merissanathangerson

Surviving A High School Reunion

In Drama on May 21, 2010 at 8:59 pm

Dear Yenta,

I am also 28 and go to my reunion this weekend from high school.  I feel fat and ugly and unaccomplished, even nervous and excited.  I feel a million things and like I could burst at the seams.  Do you have any ideas on keeping my cool come Saturday night?

Sincerely,

Ten Years and Still Eighteen

Do it up, or wear it down. Either way, they will see what they want to. Photo courtesy of Victor Jeffreys II, phiary.com/diary/victor.

Dear TYSE,

Lucky for you, I just survived a long weekend of ten-year high school reunion madness.  It was all those things you feel before, and then during it was just, yes, high school.  It was high school at lunch, high school at dinner, high school at a bar only better outfits and less drama.

If I could have had a few notecards to hand out they would have addressed the following:  1) My body.  2) My mood.  3) My career.  4) Where I live and why.  These are four repeated points of contact.  One card might read: “Dear high school once-friend now quasi-stranger: Do I look tired?  Well, let me tell you…” Or “Do I look fatter to you?  Well, let me explain the origin of these flesh pockets.  This little handle is from a bakery in Provincetown, this one from the burritos in New Mexico, and this one from the cookies in Vermont.”  I would have written all about the nuances of body shifting and why, from car accidents to surgeries, over and out.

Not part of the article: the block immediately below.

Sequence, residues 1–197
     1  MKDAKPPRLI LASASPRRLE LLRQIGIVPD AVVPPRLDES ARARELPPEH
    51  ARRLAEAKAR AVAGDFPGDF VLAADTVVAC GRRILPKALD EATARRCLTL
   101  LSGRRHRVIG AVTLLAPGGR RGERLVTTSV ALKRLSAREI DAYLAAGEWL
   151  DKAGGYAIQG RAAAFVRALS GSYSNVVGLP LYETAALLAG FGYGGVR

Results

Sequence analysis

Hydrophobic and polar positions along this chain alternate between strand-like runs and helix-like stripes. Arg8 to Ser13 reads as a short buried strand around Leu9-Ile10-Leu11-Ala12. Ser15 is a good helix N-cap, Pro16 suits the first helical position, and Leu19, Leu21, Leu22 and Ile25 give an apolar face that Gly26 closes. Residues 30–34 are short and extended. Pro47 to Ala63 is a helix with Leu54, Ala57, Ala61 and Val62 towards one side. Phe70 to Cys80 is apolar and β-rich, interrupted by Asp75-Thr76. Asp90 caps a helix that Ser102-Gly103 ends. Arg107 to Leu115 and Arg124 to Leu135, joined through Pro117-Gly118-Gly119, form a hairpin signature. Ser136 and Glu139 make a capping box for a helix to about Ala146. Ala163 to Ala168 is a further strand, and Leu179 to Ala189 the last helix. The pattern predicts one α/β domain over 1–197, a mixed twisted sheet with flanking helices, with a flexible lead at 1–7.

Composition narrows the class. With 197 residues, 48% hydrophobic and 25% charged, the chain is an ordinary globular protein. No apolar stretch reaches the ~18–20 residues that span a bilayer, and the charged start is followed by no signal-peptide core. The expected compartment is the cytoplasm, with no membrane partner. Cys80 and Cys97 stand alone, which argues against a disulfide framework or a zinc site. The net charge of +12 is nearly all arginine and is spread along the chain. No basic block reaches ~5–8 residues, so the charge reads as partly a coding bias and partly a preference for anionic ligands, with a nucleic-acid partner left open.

But no one says, “tell me the story of your body.”  What I took from this inner knowing of my own business, and the surface reality of saying hi to 100 people from my past: do not judge lest ye be judged.

Some people have their shit figured out, some people don’t.  Some people got fat, some people got hot, some people got sick, some people got svelte.  Some people drink too much, some people became yogis and so on and so forth.  In the end, who cares?  Remember that your body, your heart, your career and all other elements of your being were formed by a real life full of real experiences, same with everyone else.  Anyone judging you is denying their own complexity.

If I were to go to my reunion all over again I would have gone with a beer taped to my hand and no expectation of any depth.  This is a HIGH SCHOOL reunion.  Expect hugs and expect smiles and just ride the party wave, go home, and resume living as you did before.  Placing any clout on the scenario is useless. They aren’t really judging you.  And the ones that are suddenly fall off like barnacles because we aren’t in high school anymore.  We are old now, like 28-years-old, and we have dreams.  Dreams and high school drama don’t mix.  So drink up, hug hard, and remember this is one night of your long and amazing life, a night all about remembering a yesterday that has already passed.

For inspiration, watch this clip from Oprah, “The High School Quarterback Who Became a Lesbian,” about Kimberly Reed, who twenty years ago was Paul McKerrow, the star of the local football team, returning with a new body, a new name, and a new life.

“All these places have their moments, with lovers and friends, I still can recall, some are dead and some are living, in my life, I’ve loved them all.”

Ask Yenta!  E-mail a question to merissag[at]gmail[dot]com directly, or using www.send-email.org to ask anonymously.

Merissa Nathan Gerson is a fan of
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